Oil and Gas Air Permitting in Texas
April 21, 2017

The Texas Commission on Environmental Quality (TCEQ) is the environmental agency that administers air quality regulations and permitting programs in Texas. Oil and gas (O&G) production facilities are required to obtain, from the TCEQ, an air permit prior to construction.

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The TCEQ is and will be in the future the primary enforcement agency for air quality regulations affecting Texas oil and gas facilities – regardless of changes in USEPA administration, regulations and oversight.

For Texas and all States, most operators limit facility emissions, where feasible, to qualify for minor source air permits. Minor source permits are granted via Texas minor source permitting program are desirable for following reasons:

  • Faster regulatory approval times mean the facility can begin construction and producing oil and gas for sales with minimal or almost no wait time.
  • Fewer recordkeeping and reporting requirements than Federal air operating permits.
  • Lower permit fees
  • Fewer expected onsite facility inspections by TCEQ
  • Keeps facility off list of facilities under Federal oversight
  • Public notices not required for certain minor source permitting actions (e.g., PBRs and Standard Permit for O&G facilities)

Below is an overview of some key aspects of the TCEQ’s air permitting program.

The air permitting programs managed by TCEQ include:

  • Federal Clean Air Act (CAA) requirements since TCEQ delegated authority by the USEPA.
  • Texas State only minor source air permits and standards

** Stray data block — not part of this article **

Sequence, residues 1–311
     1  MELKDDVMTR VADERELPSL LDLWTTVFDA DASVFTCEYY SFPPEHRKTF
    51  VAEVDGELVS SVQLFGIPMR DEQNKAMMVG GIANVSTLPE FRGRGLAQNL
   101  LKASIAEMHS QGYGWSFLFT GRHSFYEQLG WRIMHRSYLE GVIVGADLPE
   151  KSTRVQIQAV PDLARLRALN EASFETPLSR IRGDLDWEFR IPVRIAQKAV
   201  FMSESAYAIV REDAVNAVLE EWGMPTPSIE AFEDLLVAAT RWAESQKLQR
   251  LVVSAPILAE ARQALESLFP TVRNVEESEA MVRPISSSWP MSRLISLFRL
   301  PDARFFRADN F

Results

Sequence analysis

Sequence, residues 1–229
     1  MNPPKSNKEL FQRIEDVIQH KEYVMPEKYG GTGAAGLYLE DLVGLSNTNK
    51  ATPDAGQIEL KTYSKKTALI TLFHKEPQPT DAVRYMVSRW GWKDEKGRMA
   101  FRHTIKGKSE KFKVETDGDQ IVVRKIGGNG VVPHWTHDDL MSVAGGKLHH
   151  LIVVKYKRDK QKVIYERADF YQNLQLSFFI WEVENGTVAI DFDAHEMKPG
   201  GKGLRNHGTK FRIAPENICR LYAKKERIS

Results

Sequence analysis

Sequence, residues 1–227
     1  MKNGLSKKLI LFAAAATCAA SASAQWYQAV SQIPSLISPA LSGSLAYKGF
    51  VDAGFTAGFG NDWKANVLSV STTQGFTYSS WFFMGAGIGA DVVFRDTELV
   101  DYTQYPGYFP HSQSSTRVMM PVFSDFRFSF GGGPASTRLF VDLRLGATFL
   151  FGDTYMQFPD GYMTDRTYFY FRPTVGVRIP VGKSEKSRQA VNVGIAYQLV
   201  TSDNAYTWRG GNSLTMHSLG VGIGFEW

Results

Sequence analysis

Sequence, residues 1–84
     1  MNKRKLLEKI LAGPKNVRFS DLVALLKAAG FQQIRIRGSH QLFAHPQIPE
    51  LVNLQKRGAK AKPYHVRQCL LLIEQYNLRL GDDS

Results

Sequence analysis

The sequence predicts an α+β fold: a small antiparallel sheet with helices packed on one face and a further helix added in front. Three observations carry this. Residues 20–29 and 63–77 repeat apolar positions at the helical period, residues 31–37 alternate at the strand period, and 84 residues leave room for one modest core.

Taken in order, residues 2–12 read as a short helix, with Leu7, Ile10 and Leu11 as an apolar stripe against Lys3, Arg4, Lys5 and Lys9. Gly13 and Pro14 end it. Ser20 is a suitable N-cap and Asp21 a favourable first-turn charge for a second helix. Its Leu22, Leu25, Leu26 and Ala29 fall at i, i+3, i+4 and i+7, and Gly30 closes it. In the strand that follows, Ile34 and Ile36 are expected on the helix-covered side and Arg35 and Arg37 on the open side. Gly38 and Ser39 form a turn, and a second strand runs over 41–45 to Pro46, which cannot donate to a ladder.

Federal (USEPA) Major Source Air Permits Administered by TCEQ:

  • Title V Federal Operating Permits – facility with potential to emit (PTE) of 100 tons per year (tpy) of criteria pollutants or 10/25 tpy of hazardous air pollutants (HAPs)
  • Prevention of Significant Deterioration (PSD) New Source Review Permits (facility with 250 tpy of criteria pollutants)
  • Nonattainment New Source Review (NNSR) Permits – major source facilities located in nonattainment areas (e.g., ozone (smog) nonattainment).

Texas State Minor Source Air Permit Types Available for O&G

General Air Permit Application Process

  1. Determine emission sources and operating parameters (throughputs, runtime, capacities, product characteristics, etc.).
  2. Calculate facility and equipment potential to emit (PTE) emissions to determine best air permit authorization available. Best permit strategy is to install emission controls (e.g., VRUs, Vapor Combustion Units, flares) to limit PTE to make the facility a minor source.
  3. Determine applicable regulatory requirements and emission standards.
  4. Prepare application using required TCEQ forms. 
  5. Submit completed application forms to TCEQ with any required permit application fees. Submittal of E-permits/Registrations using a STEERS (State of Texas Environmental Electronic Reporting System) Account may be an option.